Fans of professional sports in Cleveland are equipped with a unique vocabulary filled with regional colloquialisms of each team's moments of defining failure.

The thesaurus of Cleveland fans include, "the fumble," "the drive," "the shot" and recently, courtesy of LeBron James, "the decision." But each word has the same meaning -- loss.

Scott O'Brian, a former Clevelander now living in Los Angeles, wants to commemorate some of the best known Cleveland sports faux pas in a 55-page coloring book "Why is Daddy Sad on Sunday," available through a Kickstarter campaign which runs through March 16.

The project is "a humorous coloring book for the whole family, depicting famous disappointing moments from Cleveland professional sports," O'Brian said.

Pages opposite the illustrations will feature the story behind the memory.

"You know the history. You've been to the games. You've watched them on TV," O'Brian posted on his Kickstarter page. "You know that when it seems like the game cannot be lost, it will be. That when the most is at stake, they will play their worst. And when it seems like it can't get any worse, it definitely will. I am speaking specifically about the Browns, the Indians, and the Cavaliers."

O'Brian, who owns an e-commerce site in California, grew up in Cleveland as a fan of local sports, attending Browns games with his dad, Kevin.

"When I was growing up in Cleveland, the Browns had opportunities to make the Super Bowl behind Bernie Kosar," O'Brian said. "We all know how that ended. The Cavs also seemed poised to make some deep post-season runs. Nope. And the Indians came one inning away from a World Series title. Then it just kept getting worse."

One of the worst Cleveland sports memories for O'Brian is "the fumble" in 1987.

With 1:12 left in regulation, the Browns were trailing the Denver Broncos by a touchdown in the AFC championship game. The Browns were marching. On second down and five from the Broncos 8-yard line, Browns quarterback Bernie Kosar handed the ball to running back Kevin Byner. As Byner hit the 2-yard line, the ball was striped and recovered by Denver.

Denver held on for a 38-33 win.

"I remember watching that as a kid on TV," O'Brian said. "I remember my mom taking me out for ice cream afterwards and everyone being bummed out. All three of the AFC Championships were brutal."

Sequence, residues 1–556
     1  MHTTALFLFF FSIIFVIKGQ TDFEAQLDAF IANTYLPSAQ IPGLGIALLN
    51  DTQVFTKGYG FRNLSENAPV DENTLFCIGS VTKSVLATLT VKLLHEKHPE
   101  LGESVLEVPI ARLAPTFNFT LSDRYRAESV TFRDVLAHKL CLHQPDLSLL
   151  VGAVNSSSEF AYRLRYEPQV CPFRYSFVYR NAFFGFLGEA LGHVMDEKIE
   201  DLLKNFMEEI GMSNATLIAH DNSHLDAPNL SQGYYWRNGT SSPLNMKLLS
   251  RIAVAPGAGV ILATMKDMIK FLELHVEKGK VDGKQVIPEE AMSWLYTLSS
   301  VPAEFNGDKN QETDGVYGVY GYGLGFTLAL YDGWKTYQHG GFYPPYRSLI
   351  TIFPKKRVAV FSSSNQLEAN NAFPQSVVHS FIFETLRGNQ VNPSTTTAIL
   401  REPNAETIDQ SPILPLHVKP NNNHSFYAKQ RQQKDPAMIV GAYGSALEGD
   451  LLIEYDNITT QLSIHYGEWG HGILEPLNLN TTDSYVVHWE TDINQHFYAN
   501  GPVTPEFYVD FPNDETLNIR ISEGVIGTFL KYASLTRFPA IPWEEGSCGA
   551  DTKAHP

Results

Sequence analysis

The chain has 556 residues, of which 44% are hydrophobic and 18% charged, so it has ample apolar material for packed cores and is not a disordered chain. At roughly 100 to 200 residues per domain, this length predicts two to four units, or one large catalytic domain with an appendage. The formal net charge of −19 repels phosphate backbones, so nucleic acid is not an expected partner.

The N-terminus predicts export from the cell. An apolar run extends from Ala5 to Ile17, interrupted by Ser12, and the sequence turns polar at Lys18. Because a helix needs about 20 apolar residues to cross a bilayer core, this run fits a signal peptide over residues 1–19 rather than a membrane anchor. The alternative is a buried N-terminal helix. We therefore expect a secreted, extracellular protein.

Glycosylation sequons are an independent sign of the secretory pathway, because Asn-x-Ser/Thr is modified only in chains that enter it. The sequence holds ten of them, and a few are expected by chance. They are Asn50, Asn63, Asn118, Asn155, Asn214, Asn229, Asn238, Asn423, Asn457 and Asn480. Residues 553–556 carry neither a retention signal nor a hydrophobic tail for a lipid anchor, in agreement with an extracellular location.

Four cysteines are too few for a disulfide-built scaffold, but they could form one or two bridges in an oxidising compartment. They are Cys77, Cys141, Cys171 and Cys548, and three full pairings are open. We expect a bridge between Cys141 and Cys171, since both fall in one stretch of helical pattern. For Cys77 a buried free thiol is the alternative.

A recent change in the Cleveland Browns front office solidified O'Brian's frustration with the team.

"I think the straw that broke the camel's back was the firing of the front office for the Browns -- again," O'Brian said Feb. 17, from Los Angeles.

After the personnel change, O'Brian, who recently had a child, started thinking how he could describe to her, or any child, what it was like being a Cleveland sports fan.

"Over the past 10 or 15 years they have never even seen the teams succeed in any meaningful way, like I did when I was a kid," O'Brian said of younger Cleveland sports fans. "And it all clicked. A coloring book would be kind of funny, for people like me, who have these memories of huge disappointments."

The book will contain about 25 black and white illustrations, created by O'Brian.

Pages opposite the illustrations will feature the story behind the memory. There will also be a thank you page and table of contents.

The number of books published will depend on the money raised, O'Brian said. The target amount is $2,000, which has already been reached. As of Feb. 20, 263 backers have pledged a total of $8,858, with more than 20 days left to donate.

Left over books will be sold for around $15 to $20, O'Brian said. Once the money is raised, O'Brian will search for a Cleveland area printer to publish the books.

"I never expected this to have the response it did," O'Brian said.

The project is not about reopening old Cleveland wounds, O'Brian said.

"This is about having a laugh at the sheer lunacy of what we have witnessed over the years -- we know we have to laugh sometimes to avoid losing our minds," he said. "It's also about sharing the history with our children so they can appreciate why we cheer the way do, and more often, hang our heads in disbelief. At the very least, it is a great way for them to learn about Murphy's Law."


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O'Brian has set up a Twitter account for the campaign, @CLEsportsBummer.

For more information visit the page at